Please use this identifier to cite or link to this item: http://hdl.handle.net/2440/119938
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Type: Journal article
Title: Pinnule and stomatal size and stomatal density of living and fossil Bowenia and Eobowenia specimens give insight into physiology during Cretaceous and Eocene paleoclimates
Author: Hill, K.
Hill, R.
Watling, J.
Citation: International Journal of Plant Sciences, 2019; 180(4):323-336
Publisher: University of Chicago Press
Issue Date: 2019
ISSN: 1058-5893
1537-5315
Statement of
Responsibility: 
Kathryn Edwina Hill, Robert Stephen Hill and Jennifer Robyn Watling
Abstract: Premise of research: This study compares the pinnule morphology of three fossil Bowenia species, one Eobowenia (fossil) species, and several Bowenia fossil pinnule fragments with the two extant Bowenia species. Methodology: Pinnule area, stomatal density, and size have been measured on fossil and extant specimens. Measures have been correlated with solar radiation and temperature to ascertain any correlations. Environment and climate variables have been chosen, as they have changed since the Eocene and Lower Cretaceous when the Australian and South American fossils were growing. Pivotal results: Two of the fossil Bowenia species and Eobowenia have significantly smaller pinnules than the living species, and all the fossils have relatively small and sparse stomata compared with the living species. Extant Bowenia pinnule area is positively correlated with daily radiation and temperature. Conclusions: Those fossil species with small pinnules likely lived in relatively dark environments where small pinnules aided the capture of sunflecks and/or facilitated light capture. The smaller and sparser stomata may have limited the potential sites for fungal invasion in the extremely humid growth conditions without hampering overall growth rates in the prevailing very high atmospheric CO₂ levels.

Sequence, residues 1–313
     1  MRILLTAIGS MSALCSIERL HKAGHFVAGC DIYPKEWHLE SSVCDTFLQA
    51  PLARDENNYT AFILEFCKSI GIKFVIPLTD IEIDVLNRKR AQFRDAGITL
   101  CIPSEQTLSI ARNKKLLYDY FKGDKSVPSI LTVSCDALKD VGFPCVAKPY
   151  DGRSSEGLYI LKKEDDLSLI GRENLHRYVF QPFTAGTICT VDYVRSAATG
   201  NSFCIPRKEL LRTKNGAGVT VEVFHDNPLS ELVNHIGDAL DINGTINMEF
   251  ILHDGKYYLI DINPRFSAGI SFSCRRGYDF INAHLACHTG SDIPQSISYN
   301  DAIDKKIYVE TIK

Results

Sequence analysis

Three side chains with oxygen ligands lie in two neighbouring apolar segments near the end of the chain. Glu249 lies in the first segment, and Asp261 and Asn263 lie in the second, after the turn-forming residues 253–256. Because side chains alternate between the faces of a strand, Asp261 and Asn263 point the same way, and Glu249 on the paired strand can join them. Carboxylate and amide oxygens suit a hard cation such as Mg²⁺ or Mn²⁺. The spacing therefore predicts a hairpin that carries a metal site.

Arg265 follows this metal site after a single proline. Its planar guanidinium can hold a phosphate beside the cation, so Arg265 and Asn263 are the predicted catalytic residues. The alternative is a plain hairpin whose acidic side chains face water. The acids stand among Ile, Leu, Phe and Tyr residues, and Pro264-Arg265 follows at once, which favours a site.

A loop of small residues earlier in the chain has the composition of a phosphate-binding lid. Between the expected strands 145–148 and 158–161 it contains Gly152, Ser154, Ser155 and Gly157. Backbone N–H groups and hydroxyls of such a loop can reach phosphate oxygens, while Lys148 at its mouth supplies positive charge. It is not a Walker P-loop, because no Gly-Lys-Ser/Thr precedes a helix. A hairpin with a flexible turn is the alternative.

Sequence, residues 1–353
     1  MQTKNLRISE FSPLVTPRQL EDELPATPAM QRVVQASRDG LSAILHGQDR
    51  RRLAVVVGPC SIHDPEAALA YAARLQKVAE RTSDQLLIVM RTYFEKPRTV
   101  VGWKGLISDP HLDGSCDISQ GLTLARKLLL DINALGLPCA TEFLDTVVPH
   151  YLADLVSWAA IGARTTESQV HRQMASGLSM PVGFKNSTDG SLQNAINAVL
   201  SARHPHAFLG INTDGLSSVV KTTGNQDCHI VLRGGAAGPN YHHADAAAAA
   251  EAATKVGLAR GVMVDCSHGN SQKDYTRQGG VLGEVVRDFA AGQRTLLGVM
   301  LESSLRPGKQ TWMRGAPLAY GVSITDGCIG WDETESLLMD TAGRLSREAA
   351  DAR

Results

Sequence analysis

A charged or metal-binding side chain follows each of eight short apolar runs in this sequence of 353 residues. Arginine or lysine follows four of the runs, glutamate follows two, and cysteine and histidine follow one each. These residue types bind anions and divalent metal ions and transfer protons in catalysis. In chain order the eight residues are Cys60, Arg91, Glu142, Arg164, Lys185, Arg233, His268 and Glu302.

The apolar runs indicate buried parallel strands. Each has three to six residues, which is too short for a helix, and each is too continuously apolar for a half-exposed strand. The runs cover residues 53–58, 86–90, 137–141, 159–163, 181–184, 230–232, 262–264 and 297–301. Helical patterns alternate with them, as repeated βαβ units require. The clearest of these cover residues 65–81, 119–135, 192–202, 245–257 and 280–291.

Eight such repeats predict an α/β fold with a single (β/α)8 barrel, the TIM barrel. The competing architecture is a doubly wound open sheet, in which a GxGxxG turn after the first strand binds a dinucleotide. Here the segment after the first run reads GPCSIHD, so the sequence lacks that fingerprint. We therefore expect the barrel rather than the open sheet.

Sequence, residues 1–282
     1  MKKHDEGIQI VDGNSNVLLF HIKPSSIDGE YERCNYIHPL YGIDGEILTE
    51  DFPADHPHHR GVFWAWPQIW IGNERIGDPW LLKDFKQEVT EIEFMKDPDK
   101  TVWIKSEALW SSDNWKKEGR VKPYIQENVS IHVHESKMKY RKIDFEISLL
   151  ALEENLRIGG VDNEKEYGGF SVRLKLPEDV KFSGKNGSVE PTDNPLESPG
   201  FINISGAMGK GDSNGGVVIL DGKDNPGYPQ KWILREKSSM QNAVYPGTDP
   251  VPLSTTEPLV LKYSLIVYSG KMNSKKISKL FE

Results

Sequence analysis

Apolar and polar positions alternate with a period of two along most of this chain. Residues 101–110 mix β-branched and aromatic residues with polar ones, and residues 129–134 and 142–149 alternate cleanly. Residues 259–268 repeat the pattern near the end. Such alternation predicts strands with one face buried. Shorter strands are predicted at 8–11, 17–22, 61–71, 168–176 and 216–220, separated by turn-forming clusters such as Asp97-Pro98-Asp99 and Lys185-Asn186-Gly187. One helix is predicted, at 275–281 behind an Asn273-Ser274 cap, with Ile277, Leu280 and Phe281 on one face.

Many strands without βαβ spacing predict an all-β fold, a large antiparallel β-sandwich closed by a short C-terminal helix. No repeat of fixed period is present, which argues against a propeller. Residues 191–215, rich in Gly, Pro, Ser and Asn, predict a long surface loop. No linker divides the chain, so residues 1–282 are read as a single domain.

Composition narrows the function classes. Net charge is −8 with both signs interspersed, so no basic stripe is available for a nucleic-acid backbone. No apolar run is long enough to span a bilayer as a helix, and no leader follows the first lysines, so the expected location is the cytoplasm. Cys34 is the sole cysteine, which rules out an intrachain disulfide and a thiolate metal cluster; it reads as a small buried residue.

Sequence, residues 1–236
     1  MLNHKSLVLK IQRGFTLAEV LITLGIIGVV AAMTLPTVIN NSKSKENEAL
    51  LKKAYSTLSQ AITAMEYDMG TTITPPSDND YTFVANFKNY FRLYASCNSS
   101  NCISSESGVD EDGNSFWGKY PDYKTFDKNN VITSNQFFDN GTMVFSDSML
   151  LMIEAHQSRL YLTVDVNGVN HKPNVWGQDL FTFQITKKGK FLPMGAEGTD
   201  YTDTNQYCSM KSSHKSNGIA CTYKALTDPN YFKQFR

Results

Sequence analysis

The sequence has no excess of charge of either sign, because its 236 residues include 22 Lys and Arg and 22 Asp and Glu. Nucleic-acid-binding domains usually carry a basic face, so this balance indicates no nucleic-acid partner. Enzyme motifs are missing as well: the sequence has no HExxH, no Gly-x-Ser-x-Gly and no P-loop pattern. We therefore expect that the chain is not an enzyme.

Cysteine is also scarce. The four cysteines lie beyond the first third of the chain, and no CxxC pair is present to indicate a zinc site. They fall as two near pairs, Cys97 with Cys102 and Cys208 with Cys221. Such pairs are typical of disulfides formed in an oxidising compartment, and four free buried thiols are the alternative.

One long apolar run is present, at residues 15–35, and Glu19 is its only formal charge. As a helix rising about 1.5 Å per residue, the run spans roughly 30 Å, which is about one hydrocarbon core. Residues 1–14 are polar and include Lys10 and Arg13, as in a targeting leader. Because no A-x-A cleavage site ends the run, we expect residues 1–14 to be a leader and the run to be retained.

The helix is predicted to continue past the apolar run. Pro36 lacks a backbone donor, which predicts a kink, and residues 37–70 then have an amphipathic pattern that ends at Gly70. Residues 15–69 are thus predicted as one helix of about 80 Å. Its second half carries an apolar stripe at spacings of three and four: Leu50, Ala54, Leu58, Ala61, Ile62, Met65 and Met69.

Keywords: Pinnule area; stomatal size; cycad; paleobotany; stomatal density; Australian cycad; South American cycad; Eocene; Cretaceous
Rights: © 2019 by The University of Chicago. All rights reserved. This work is licensed under a Creative Commons Attribution-NonCommercial 4.0 International License (CC BY-NC 4.0), which permits non-commercial reuse of the work with attribution. For commercial use, contact journalpermissions@press.uchicago.edu.
RMID: 0030113358
DOI: 10.1086/702643
Grant ID: http://purl.org/au-research/grants/arc/DP130104314
Appears in Collections:Environment Institute publications

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